A curler competes at the annual Doug Bothamley Cash Spiel last month. The Nelson Curling Club says it can no longer afford to pay the city for its facility. Photo: Tyler Harper

Future of Nelson Curling Club in jeopardy

Financial statement indicates uncertain times for struggling sport

The Nelson Curling Club is between a rock and a hard place.

President Gordon Wiess revealed the club suffered a loss of $33,160 last year at the club’s annual general meeting Sunday, and said it can no longer pay the bills necessary to stay open under its current contract with the city.

“If we had 100 more members we wouldn’t have financial problems,” said Wiess. “But that’s where we are.”

Where they are is in trouble.

The club built its current home in 1973, but sold it to the city in 1994. A 20-year lease agreement meant the club operated the building and took on all its costs, but Weiss says that agreement expired three years ago and is no longer feasible.

Currently the club only pays about $2,000 per year in rent, but utilities cost it just over $40,000 for the year ending April 30. That figure is up $3,000 from the previous two years listed in the club’s financial statement.

The club only generates about $8,000 in advertising revenue, while receiving about $6,500 from the government in the form of grants. In fact, just 63 per cent of its revenue comes from curling — while more than a 25 per cent comes from liquor sales.

Wiess said he has notified the city that it can no longer afford to pay for the space, and is currently waiting to find out when both sides can meet.

“The lease is arduous for us. It killed us financially,” he said.

City councillor Valerie Warmington, who is also chair of the regional recreation commission, said club’s struggles are on the city’s radar.

“We’re absolutely open to working with them to see what works for them, but it also has to work for the taxpayers of the city as well,” she said.

The club had hoped to find funding for the construction of a concrete floor, which would allow it to host events during the five months of the year it is closed for the off-season. Weiss previously estimated the project would cost $250,000.

But he said those plans are now on hold following the release of a report by the Nelson and District Recreation Facilities Task Force in October, which made 26 recommendations to the city and Regional District of Central Kootenay regarding the future of the downtown sports complex campus that includes the curling rink.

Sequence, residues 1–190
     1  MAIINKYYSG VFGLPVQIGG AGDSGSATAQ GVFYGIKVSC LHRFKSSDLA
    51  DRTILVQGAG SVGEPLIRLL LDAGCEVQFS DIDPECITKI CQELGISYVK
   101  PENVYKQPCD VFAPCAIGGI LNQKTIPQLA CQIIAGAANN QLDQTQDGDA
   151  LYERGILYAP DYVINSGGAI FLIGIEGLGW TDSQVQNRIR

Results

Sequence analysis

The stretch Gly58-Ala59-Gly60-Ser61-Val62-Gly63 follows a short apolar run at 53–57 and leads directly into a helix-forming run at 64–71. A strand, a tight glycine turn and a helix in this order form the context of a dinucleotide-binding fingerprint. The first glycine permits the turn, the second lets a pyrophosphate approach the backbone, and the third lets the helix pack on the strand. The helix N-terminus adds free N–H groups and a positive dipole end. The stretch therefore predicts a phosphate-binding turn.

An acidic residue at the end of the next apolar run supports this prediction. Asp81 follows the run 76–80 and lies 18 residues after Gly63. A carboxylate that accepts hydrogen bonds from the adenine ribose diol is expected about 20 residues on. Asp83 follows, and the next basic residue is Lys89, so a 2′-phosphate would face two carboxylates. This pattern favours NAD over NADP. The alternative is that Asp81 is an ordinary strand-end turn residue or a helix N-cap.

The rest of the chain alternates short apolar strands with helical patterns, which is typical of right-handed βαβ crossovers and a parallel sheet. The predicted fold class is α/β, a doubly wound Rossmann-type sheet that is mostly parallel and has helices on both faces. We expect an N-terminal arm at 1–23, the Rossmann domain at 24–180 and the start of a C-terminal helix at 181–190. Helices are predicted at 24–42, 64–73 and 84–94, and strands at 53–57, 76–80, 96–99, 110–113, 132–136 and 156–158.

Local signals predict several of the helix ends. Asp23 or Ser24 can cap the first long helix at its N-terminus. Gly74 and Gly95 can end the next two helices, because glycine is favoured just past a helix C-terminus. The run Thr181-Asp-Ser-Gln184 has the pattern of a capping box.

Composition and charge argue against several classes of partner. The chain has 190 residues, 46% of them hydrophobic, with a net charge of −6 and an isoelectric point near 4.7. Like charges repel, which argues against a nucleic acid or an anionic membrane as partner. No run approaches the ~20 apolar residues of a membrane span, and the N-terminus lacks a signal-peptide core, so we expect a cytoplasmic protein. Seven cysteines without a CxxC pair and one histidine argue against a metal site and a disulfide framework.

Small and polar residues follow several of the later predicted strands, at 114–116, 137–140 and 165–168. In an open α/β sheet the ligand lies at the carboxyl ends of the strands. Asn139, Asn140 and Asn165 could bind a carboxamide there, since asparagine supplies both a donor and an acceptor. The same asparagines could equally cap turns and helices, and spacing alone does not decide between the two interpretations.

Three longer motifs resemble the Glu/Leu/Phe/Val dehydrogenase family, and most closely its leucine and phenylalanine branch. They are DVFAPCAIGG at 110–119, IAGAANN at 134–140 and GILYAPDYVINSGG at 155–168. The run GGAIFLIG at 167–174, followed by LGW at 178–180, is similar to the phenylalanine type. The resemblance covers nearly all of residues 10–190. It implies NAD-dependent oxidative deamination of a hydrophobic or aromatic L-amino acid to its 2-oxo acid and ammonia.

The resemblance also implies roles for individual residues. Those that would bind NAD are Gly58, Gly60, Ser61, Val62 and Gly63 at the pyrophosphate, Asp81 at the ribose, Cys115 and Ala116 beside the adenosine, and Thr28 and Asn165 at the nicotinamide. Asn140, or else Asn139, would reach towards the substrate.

“Because the task force is looking at redevelopment for the whole campus, that could be part of the redevelopment,” said Wiess. “So it doesn’t really serve us to think about it until we know what the task force and the city are going to do and what their plans are.”

Related: Curling club gets green light to search for funding

Related: Nelson curling sweeps away the past

Related: Nelson recreation task force releases report

Curling has a long history in Nelson. The sport’s first club opened in 1898 and the Midsummer Bonspiel, which ran from 1945 to 2008, was once a major tourist attraction. The club hosted the provincial men’s tournament in February 2016, although even that didn’t keep the club from finishing the same financial year with a $23,000 deficit.

Wiess said the onus is on the city to move forward with the recommendations that were made, and to make the facility work for the curling club in order to ensure its future. One solution, he said, exists in Creston where the local curling club rents ice in a building owned by the RDCK.

A similar rental agreement, he said, would make the club’s financial situation far more tenable.

“It really hinges on the city — the city needs to make a decision. These buildings are owned by the city,” said Wiess.

“Manage us. Make this facility work financially for us. Don’t tax us, don’t give us big lease agreements. All of these organizations bring people to our city. Spend some money. Put some big buildings in here. Turn it into a modern facility as opposed to a rotten old one.”



tyler.harper@nelsonstar.com

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